Crypto exchange Liquid attains Japanese derivatives licence
The exchange filed the application to Japan’s financial regulatory body in Q2 of 2020.
Japanese cryptocurrency exchange Liquid has announced that its subsidiary firm, Quoine Corporation, has acquired a Type I Financial Instruments Business license under the Financial Instruments and Exchange Act from the Japanese regulatory authorities.
The approval will allow Liquid to commence derivatives trading on its platform, offering investment opportunities to both retail and institutional clients, although a specific date for launch was not disclosed.
Founded in 2014, Liquid is one of the world’s largest crypto-fiat exchanges with in excess of 800,000 customers and a reported highest daily trade volume of $1.1 billion across 2021. The platform operates under Japan’s Payment Services Act via Quoine Corporation and has also applied for a license with the Monetary Authority of Singapore.
Liquid’s chief operating officer, Seth Melamed, shared his thoughts on the importance of attaining regulation within the sector:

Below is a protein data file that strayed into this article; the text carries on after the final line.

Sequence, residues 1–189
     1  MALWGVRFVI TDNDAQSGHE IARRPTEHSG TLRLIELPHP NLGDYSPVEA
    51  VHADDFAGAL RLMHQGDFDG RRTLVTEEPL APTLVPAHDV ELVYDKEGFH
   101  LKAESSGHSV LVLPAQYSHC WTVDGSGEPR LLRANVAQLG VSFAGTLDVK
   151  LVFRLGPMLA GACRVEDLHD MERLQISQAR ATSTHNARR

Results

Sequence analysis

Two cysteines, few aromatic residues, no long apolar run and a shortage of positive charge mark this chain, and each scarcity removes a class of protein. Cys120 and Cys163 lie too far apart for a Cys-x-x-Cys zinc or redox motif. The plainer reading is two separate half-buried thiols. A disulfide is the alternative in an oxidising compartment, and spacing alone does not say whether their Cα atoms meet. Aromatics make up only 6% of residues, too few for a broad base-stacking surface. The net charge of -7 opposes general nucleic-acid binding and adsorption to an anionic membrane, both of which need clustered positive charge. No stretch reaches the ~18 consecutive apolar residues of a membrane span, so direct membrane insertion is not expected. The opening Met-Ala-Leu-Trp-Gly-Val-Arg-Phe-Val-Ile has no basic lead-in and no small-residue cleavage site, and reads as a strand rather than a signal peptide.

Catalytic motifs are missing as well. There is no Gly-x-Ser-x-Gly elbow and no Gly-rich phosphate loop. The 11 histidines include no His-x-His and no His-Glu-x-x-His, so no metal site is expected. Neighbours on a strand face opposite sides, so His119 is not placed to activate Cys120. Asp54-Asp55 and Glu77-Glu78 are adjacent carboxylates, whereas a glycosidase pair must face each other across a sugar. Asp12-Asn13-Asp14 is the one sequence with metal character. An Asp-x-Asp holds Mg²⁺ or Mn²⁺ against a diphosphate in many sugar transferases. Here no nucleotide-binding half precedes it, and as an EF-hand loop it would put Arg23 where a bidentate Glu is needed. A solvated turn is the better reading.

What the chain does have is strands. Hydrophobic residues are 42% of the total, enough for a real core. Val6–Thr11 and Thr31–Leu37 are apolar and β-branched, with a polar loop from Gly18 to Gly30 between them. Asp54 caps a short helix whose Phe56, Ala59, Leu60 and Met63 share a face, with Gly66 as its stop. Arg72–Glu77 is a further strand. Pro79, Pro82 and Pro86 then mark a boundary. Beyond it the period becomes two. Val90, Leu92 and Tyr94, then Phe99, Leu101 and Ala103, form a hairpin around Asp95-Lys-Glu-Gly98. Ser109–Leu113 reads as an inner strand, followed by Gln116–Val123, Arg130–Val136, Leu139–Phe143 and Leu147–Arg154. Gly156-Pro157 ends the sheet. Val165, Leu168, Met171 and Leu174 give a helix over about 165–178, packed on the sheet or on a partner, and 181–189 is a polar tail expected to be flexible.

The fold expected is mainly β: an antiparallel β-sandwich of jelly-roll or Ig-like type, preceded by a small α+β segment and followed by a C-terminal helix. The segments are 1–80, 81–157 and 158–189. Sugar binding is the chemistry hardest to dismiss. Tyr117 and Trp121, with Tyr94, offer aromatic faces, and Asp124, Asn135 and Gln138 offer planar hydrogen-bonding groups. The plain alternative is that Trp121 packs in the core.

“The Type 1 license issuance is the culmination of a great deal of preparation and collaboration by the entire Liquid team. It is also a validation that trading derivatives in crypto can be done in a compliant manner with full customer protections & transparency.”
In mid-August this year, Liquid was the victim of a $97 million security hack on its hot wallets, although the company was keen to stress that users’ wallet balances were not affected by the incident.
Hot wallets such as Metamask and Phantom are a method of storing and trading cryptocurrencies widely considered more susceptible to breaches than the offline alternative of cold wallets.
In the weeks following the targeted attack, the exchange announced positive news of a $120 million debt financing investment from FTX Trading, a subsidiary of FTX, in a bid to improve the exchange’s balance sheet, support licensing endeavors in jurisdictions of Japan and Singapore, enhanced capital and liquidity generation, as well as customer support services.
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Author: Tom Farren